Responding to Sam Burke’s Argument That Christianity Entails Anti-Natalism

Responding to Sam Burke’s Argument That Christianity Entails Anti-Natalism

 

In the comment section of one of the posts on the Cerebral Faith facebook page, Sam Burke commented “If I found out Christianity was true, I would do everything in my power to stop people from having kids so that more people don’t go to Hell. According to Matthew 7:13 only a few people will find the way to Heaven. Almost everyone who is born will end up being burned in eternal conscious pain for eternity according to the Bible. A trillion years and the person will not be a second closer to being out of Hell. Any parent who truly believes and understands this, and knows their kids will statistically probably end up in Hell, and has kids anyway hates them. Having children violates “love your neighbor as yourself” on that viewpoint. If Hell then Anti-Natalism. 

And not to mention if the Age of Accountability is true we should conceive kids just for the sake of aborting them and therefore “populating Heaven.” And I am Pro-Life!! Or infants are damned unless they accept Jesus as their savior from the time they are born. Christianity is utterly hopeless, depressing, etc. No compassionate person could want Christianity and all that it entails to be true.”

Is this the case? If Christianity is true, does it entail that you should either abort your children or refrain from even having them? I’ve already dealt with the Age-Of-Accountability-Entails-That-Abortion-is-ok argument in this blog post here and in chapter 4 of my book A Hellacious Doctrine: A Biblical Defense Of The Doctrine Of Hell. So I won’t rehash those answers here. Rather, I’ll address the more modest argument that if Christianity is true, and if more people statistically end up in Hell instead of Heaven, then it’s basically our moral obligation to refrain from even conceiving!

First, God Has Made Salvation Available To All, Anyone Damned Has Only Themselves To Blame

Jesus said that “For God so loved the world that He gave His one and only son so that whosoever believes in Him will not perish but have eternal life. For God did not send His Son into the world to condemn the world, but that the world might be saved through Him. Everyone who believes in Him will not perish but whoever does not believe in Him is already condemned because he has not believed in God’s one and only son.” – John 3:16-18 (emphasis mine).

God The Father gave up God The Son (i.e Jesus) to die for the sins of the world! The Greek word translated “world” here is kosmos and it is most often used to either describe all of humanity, the entire planet, or the entire physical universe. If you are a part of the world, then God loves you and became a man to atone for your sins. I’m a part of the world. You’re a part of the world. Adolf Hitler was a part of the world. Osama Bin Ladin was a part of the world. The random person who drove by my house yesterday is a part of the world. Every human being is included in this passage. Moreover, whosoever out of the group that God loved (i.e the world) who places their faith in Jesus will not perish but have eternal life. Jesus said that God didn’t send His Son into the world to condemn it, but to save the world through him.

Because “God so loved the world”, he therefore “wants all people to be saved and to come to a knowledge of the truth” (1 Timothy 2:4), and is “not willing that any should perish but that all should come to repentance” (2 Peter 3:9). As a result of this love and desire, He “gave his only begotten son” and by that is meant that Jesus “gave himself as a ransom for all people” (1 Timothy 2:6, cf. 1 John 2:2, Hebrews 2:9).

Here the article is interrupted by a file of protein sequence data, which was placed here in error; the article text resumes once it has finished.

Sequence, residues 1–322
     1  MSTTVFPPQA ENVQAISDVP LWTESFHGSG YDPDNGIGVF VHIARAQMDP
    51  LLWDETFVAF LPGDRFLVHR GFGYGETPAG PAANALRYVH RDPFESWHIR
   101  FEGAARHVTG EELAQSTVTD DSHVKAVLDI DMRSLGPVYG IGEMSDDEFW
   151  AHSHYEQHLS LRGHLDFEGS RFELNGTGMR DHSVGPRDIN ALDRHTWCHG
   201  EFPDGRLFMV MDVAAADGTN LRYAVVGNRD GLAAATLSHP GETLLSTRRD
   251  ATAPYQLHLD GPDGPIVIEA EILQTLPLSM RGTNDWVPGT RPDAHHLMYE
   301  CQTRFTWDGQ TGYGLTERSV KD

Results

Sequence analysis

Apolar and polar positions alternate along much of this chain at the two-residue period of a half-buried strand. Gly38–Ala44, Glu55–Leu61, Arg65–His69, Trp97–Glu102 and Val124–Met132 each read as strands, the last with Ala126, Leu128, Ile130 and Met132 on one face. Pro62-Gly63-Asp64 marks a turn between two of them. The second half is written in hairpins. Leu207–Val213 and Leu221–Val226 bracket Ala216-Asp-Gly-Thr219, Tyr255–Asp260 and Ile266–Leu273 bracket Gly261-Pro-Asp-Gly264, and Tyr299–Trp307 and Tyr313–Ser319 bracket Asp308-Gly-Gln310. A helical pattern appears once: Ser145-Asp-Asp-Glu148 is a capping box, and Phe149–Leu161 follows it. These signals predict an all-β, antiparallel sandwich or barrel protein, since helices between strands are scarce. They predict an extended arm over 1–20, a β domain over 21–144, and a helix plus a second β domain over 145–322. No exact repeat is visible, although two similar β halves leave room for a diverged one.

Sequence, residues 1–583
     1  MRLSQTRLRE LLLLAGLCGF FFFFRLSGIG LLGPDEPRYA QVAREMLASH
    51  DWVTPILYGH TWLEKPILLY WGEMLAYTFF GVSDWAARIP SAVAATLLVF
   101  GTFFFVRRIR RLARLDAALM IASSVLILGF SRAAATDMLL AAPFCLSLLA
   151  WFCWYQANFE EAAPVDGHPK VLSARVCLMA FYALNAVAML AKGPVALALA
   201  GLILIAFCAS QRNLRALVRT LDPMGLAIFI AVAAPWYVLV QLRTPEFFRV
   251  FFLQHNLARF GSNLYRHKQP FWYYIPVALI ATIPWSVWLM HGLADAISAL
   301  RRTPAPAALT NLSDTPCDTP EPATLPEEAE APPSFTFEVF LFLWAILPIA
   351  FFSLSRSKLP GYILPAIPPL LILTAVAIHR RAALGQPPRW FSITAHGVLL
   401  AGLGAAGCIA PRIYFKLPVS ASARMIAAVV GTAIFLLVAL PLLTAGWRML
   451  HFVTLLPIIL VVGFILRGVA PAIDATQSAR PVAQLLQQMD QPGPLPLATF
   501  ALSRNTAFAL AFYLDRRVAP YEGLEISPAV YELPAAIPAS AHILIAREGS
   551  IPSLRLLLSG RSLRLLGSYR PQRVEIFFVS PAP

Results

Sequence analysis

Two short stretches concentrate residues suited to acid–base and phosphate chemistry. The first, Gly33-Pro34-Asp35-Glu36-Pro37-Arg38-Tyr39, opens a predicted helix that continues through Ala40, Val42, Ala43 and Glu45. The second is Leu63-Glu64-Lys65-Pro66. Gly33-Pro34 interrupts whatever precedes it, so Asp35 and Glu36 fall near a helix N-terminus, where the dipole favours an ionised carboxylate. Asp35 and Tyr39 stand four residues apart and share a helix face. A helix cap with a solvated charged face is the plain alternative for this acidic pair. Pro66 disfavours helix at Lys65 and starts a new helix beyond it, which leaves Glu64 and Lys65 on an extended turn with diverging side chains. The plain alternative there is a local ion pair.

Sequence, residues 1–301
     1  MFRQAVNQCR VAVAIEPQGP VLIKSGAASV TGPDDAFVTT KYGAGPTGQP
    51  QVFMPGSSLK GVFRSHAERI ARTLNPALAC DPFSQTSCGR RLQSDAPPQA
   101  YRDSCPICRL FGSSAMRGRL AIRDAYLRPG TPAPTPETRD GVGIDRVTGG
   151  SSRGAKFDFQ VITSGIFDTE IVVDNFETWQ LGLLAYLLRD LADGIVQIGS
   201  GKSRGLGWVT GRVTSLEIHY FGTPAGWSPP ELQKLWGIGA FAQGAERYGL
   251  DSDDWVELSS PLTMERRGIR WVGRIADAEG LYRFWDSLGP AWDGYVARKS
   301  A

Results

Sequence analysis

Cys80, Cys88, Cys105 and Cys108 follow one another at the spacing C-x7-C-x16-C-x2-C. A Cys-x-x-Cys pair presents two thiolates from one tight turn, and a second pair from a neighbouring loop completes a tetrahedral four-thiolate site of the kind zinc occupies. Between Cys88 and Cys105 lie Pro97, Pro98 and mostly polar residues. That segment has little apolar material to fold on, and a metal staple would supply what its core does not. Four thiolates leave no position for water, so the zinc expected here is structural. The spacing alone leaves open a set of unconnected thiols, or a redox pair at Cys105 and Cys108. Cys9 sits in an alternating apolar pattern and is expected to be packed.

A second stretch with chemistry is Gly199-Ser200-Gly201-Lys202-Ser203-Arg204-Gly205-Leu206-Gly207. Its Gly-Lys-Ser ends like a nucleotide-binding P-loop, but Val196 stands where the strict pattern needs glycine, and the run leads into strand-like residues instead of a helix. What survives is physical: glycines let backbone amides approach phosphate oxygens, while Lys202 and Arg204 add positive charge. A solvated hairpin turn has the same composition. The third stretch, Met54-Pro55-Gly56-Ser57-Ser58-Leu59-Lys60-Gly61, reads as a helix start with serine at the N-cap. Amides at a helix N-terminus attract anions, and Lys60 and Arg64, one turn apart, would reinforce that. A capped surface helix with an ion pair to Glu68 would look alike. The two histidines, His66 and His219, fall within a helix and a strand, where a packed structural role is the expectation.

God offers this salvation to all. We’re not able to accept it on our own (see John 6:44, John 6:65), so God sends His Holy Spirit to enable us and persuade us to receive His offer of salvation at the preaching of the gospel (Acts 16:14, John 12:32). This grace can be resisted (Acts 7:51), resulting in the persons own damnation if they continue to resist God’s grace until they die (John 3:36). The choice is up to you. Will you resist The Holy Spirit or will you yield to Him?

God became incarnate, died on the cross to take the punishment we deserved and then rose from the dead. God sends grace to all people to draw them to salvation. Some choose to resist God’s grace and others choose not to. The ones who resist cannot indict either God or their parents for the choice they made. They have no one to blame but themselves. This is why it is often said that God doesn’t send people to Hell, but rather, people send themselves. No one who ends up in Hel l has to be there. Their damnation could have been avoided.

Secondly, He Is Assuming That Parents Have No More Say In The Eternal Destiny Of their Children Than Birthing Them. 

Sam Burke is assuming that parents have no more say in the eternal destiny of their children than merely birthing them and letting them decide for themselves. However, Proverbs 22:6 says “Train up a child in the way he should go; even when he is old he will not depart from it.”

It is generally true that if you raise your child right, he’ll grow up right. Theologically, one should expose their children to sound doctrine at a young age, and teach them apologetics from a young age. You can start with having them read books like “The Case For Christ For Kids” by Lee Strobel, “The Case For Faith For Kids” by Lee Strobel, “The Mystery Of The Picture: Where Did The Universe Come From? Did It Come From Nothing?” by Mary Katherine Mammen and Neil Mammen, and “The Awesome Book Of Bible Answers For Kids” by Josh McDowell and Kevin Johnson. When they enter high school, you can move them on to more advanced material like the regular “The Case For Christ” by Lee Strobel, “My Redeemer Lives: Evidence For The Resurrection Of Jesus” by Evan Minton, and others. See my blog post “Teach Your Children Apologetics” for a larger list.